All in a flap.

I'm not entirely sure what kind of feudal system encourages knights to mount gigantic birds and whizz around inside a volcano, but it's precisely the kind of bizarre tournament of which arcade dreams are made.

Sadly, the original cabinet of 1982 didn't include a pantomime-style ostrich body to sit inside while playing--but the addictive gameplay was probably enough to keep you (and a pile of change) there anyway.

As one of the ornithologically-based participants in this strange contest, it's up to the player to hop between platforms and fend off waves of increasingly vicious high-flyers with his trusty lance. Striking an opponent from above results in glorious victory (and the chance to snatch a dropped egg to prevent more foes appearing), colliding from below is a ticket to failure. Simple ... but oh so tricky.


He's in trouble now.

The controls, at least, are a doddle. Left and right function as expected and an additional button, when repeatedly pressed, causes the winged beast to beat its wings and take the the air, accompanied by a satisfying flapping sound. Leaving the button alone allows gravity to take over. Dominate the higher air-spaces and your campaign of terror from above can begin.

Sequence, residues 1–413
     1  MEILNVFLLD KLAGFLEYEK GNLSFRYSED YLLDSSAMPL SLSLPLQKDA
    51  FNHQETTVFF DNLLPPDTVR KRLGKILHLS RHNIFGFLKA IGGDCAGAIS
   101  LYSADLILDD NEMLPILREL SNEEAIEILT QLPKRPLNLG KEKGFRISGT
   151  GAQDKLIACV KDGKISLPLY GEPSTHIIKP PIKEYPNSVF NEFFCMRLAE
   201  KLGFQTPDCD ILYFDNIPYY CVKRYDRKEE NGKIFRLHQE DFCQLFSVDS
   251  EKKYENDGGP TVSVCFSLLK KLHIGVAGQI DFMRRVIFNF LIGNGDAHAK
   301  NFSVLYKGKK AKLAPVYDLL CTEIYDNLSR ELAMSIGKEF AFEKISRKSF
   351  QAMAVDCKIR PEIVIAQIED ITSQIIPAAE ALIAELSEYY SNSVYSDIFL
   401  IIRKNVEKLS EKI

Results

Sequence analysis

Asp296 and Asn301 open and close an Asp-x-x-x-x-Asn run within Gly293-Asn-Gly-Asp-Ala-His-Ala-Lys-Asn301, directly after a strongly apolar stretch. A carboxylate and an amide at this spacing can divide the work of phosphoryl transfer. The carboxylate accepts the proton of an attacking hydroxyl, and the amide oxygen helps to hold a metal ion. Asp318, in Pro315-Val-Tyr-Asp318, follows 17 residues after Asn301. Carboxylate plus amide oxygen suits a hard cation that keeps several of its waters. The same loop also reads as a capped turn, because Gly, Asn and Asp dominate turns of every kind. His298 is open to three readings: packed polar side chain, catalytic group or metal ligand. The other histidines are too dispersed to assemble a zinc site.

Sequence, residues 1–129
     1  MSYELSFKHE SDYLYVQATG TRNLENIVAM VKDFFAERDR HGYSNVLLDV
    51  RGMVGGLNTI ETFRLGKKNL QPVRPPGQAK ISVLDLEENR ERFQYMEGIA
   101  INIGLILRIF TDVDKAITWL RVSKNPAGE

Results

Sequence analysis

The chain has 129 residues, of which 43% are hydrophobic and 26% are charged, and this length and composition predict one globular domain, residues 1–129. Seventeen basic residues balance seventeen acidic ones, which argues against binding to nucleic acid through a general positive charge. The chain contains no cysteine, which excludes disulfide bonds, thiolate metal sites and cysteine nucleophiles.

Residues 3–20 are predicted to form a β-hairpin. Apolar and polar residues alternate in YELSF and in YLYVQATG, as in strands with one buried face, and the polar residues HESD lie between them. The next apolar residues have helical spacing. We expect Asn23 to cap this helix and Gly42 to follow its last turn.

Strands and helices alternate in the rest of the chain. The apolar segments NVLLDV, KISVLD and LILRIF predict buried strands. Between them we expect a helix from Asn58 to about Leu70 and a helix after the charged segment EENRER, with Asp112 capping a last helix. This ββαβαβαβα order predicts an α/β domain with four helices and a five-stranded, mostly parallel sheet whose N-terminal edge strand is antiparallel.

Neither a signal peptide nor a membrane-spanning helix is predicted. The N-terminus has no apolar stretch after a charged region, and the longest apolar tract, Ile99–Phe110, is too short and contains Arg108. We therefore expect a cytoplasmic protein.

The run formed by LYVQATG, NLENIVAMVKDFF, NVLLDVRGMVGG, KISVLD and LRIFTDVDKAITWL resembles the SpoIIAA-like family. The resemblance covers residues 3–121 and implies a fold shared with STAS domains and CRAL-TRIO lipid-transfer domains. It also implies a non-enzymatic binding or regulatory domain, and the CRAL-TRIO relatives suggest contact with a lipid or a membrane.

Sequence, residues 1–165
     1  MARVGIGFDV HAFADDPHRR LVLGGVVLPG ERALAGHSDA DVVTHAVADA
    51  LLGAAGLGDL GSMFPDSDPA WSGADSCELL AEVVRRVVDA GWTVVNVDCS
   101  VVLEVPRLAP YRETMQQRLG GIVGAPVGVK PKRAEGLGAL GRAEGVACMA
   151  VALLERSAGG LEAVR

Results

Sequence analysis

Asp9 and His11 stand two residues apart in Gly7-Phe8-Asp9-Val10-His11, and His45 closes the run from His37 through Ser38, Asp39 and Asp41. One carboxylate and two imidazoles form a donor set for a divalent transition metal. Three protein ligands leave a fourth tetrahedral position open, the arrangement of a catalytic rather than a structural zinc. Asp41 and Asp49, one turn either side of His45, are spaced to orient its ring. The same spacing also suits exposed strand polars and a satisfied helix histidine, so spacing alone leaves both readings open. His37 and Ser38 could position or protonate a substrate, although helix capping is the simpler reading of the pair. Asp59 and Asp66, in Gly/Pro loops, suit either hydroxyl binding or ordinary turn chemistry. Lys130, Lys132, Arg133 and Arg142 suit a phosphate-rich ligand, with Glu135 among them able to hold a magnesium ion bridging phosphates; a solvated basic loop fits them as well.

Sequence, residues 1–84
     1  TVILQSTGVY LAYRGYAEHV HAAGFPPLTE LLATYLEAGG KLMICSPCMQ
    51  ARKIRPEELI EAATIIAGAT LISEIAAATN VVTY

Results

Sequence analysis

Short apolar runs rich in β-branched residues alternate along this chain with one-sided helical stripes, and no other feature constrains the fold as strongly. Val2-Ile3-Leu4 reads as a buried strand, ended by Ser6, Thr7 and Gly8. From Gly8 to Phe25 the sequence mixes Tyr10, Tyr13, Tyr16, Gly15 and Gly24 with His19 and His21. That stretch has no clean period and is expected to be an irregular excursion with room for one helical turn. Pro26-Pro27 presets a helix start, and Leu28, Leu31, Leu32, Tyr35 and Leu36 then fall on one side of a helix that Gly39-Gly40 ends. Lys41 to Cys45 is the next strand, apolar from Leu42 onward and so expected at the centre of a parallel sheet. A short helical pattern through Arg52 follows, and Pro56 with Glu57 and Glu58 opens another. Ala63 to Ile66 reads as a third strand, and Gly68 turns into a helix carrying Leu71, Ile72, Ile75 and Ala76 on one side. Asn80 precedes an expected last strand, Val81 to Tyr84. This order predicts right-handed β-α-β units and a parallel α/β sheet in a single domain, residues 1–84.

A second player can also swoop in--both as help and hindrance. Unless a chivalric agreement is reached, your chum is a target like any other; though certain levels award bonuses for keeping out of each others way. Curiously, both ostrich and emu ridden by the players are, in reality, flightless birds. Mind you, they don't tend to carry knights into battle either.

Endlessly ported, remade and showcased online, Joust is as easy to pick up and play as ever. A triumph for outlandish ideas wrapped in basic design, it holds up extremely well.

9 / 10

Joust Peter Parrish All in a flap. 2007-10-26T10:05:00+01:00 9 10

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